Academic institutions are becoming Conservation Catalysts
Efforts to protect jaguar habitats from Mexico to Argentina, coastal areas in southern Australia, and vital ecosystems along the Colorado River all have one thing in common: academic institutions have become the lynchpin to making these initiatives happen. The strategic role of these institutions, from colleges and universities to research institutes and field stations, is documented in a new volume published by the Lincoln Institute of Land Policy, Conservation Catalysts: The Academy as Nature’s Agent, edited by James N. Levitt. The book is being launched officially today at the IUCN World Parks Congress in Sydney, Australia.
Community land trusts and permanently affordable housing
Homeownership has lost its luster since 2008, and no wonder – as Americans lost trillions in wealth, many have turned to renting. But as Lincoln Institute president George W. McCarthy and Harold Simon, executive director of the National Housing Institute,write in an op-ed essay, published in The Boston Globe, there is a third way: shared equity housing, in the form of community land trusts. Prices are based on the homes but not the land underneath, with a modest cap on resale profit. The approach brings stability to the wild swings that can be characteristic in housing markets, and our research has documented very few foreclosures at CLTs. Yet, sadly, a legislative technicality is preventing CLTs from scaling up; the FHA says it can’t back mortgages for CLTs.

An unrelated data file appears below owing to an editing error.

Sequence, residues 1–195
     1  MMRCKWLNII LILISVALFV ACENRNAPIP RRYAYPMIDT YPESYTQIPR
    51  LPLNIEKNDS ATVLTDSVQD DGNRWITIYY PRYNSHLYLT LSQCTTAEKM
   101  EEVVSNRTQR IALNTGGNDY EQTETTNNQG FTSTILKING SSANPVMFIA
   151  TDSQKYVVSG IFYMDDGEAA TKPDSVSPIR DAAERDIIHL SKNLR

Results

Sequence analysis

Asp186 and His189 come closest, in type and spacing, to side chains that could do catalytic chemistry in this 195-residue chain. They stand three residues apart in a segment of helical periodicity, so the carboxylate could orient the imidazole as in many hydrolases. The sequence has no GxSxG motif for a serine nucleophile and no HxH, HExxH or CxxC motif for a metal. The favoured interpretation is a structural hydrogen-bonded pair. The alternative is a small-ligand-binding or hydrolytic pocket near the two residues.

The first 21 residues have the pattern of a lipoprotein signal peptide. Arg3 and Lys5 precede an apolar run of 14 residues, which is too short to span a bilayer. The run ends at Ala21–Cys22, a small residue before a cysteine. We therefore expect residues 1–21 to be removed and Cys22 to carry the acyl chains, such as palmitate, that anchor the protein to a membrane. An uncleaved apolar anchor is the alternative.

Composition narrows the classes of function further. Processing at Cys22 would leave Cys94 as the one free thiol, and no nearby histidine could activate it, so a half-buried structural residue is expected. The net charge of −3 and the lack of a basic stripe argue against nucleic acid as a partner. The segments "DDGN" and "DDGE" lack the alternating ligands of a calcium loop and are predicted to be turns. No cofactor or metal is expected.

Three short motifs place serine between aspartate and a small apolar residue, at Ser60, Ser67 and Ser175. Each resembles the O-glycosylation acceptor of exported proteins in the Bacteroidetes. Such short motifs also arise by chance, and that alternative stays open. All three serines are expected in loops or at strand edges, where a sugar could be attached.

Redeveloping our cities for the future
Citybuilding is all about redevelopment, writes Lincoln Institute president George W. McCarthy in the current issue of Land Lines -- whether the repurposing of Legacy Cities, or the reconfiguration of informal and unplanned settlement in cities in the developing world. "As we endeavor to reinvent our urban settlements, we will confront an old foe—land that is already improved and developed, but needs to be adapted to new uses," he writes in the Message from the President. "While we are not unfamiliar with this highly contentious process, it is safe to say that we have not yet cracked the code on how to manage it."
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